by Marcia C
Visitor Question: There is a parcel of land, 3.3 acres on the western edge of our neighborhood. The neighborhood is all single family homes (R5). This 3.3 acre land is surrounded by single family homes to the north and south, a street with family homes on the east and a parking lot for a manufacturer on the west.
A developer wants to squeeze in 21 town houses with a horseshoe shaped street and its own development name. We don't want it.
This parcel of land is half zoned R5 and M1 (light manufacturing). We believe this is spot zoning.
Our neighborhood is united with this and we have had 2 plan commission meetings about this development where the developer spoke then our neighborhood spoke. We want single family homes consistent with the neighborhood. Does this sound like spot zoning to you? Thank you
Editors Comment: We think this does not especially sound like spot zoning. Keep in mind that our answer is based only on the information given in the question. There may well be other successful arguments against this particular rezoning!
Here is why we think you should use a different argument against the proposed development. In spot zoning, the rezoning for a proposed development or a speculative rezoning does not relate at all to the zoning it is adjacent to.
In this case, most planning and zoning professionals would say that the somewhat higher-density residential use is an ideal transitional land use between an industrial zoning category and a single-family residential category. Why those two zoning districts were allowed to abut one another in the first place is another question, but that is history now.
Given that you live on residentially zoned land and that the proposed rezoning is to another residential category, although a higher density, the proposal should be attacked on grounds other than spot zoning.
Also we would point out that if the land in question is not shown on the plat (legal map) for your subdivision, the property owners have no choice but to name their project something else. So that too is an irrelevant argument to bring up.
Now, what are some arguments that would make your neighborhood seem more knowledgeable, and therefore more credible? Without knowing many more facts, we would suggest that you and your neighbors think about these questions:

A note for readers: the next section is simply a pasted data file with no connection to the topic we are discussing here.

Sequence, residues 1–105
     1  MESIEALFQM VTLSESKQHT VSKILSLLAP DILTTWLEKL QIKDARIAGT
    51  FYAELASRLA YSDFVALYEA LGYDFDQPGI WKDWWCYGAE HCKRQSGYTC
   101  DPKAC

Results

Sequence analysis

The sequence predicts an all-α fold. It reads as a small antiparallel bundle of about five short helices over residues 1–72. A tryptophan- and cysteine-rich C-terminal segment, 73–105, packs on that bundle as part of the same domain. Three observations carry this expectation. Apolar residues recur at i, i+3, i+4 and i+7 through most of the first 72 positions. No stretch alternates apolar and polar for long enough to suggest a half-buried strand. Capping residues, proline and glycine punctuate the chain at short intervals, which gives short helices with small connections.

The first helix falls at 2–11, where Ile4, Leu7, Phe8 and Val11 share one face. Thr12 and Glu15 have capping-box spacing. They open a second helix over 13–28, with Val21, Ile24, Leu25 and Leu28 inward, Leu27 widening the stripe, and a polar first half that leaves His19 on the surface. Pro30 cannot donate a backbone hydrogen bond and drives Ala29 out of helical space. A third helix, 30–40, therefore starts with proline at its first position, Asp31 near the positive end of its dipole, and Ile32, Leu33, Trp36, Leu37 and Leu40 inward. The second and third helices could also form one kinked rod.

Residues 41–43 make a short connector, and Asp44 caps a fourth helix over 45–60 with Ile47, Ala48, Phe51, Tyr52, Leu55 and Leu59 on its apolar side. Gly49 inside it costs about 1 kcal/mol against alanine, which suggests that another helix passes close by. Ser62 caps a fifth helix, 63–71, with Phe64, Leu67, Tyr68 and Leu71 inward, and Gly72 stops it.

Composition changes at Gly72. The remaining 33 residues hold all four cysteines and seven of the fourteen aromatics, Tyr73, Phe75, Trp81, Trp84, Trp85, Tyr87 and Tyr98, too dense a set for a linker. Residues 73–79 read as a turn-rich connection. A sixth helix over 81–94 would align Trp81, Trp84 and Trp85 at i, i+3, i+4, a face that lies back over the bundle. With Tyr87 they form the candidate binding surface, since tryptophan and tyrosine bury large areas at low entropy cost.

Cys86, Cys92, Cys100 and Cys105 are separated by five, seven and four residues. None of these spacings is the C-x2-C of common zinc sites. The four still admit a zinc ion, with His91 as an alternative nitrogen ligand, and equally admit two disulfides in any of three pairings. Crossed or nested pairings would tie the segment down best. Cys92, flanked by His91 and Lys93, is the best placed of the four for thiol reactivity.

1. Is there any natural resource kind of reason to limit density? For instance, is there a wetland or endangered species on the parcel where rezoning is being requested? Is the land subject to flooding? What about flash flooding, possibly from inadequate on-site drainage at the manufacturing plant?
2. Are there any traffic situations that would be aggravated by this development? If so, you could use the argument that increasing the density is not appropriate and cite the specifics of the situation. Photos can be effective in this regard, and provide the emotional tug that would complement any traffic counts obtained from the city or state (whoever owns the road).
3. Are there any other infrastructure limits hindering your area? Infrastructure examples include streets and roads, drainage, utilities, school capacity, public service capacity. Is your city struggling to pay for roads and schools as it is?
4. Is there an equity argument? Have other subdivisions been treated better than yours when the city has been faced with a development similar to this?
5. Does the developer in question build tacky projects? If the development is not on a par with your homes in terms of general architectural character and quality, you could suggest that the townhomes would need to be of a higher quality to be acceptable to your neighborhood. Neighbors might be tempted to speak of lower incomes of new residents, but most city councils are immune to that, so avoid that type of comment.
6. What else is of concern to your city council right now? Play to their worries.
As you can see, we favor straightforward, truthful, and mostly rational arguments against rezonings that you oppose. We think using ineffective arguments just makes your neighborhood seem less prepared and less sympathetic. See also our page on re-zoning opposition though for some other ideas on possibly politically effective ways to tackle this problem. Also we have a spot zoning page. Good luck!
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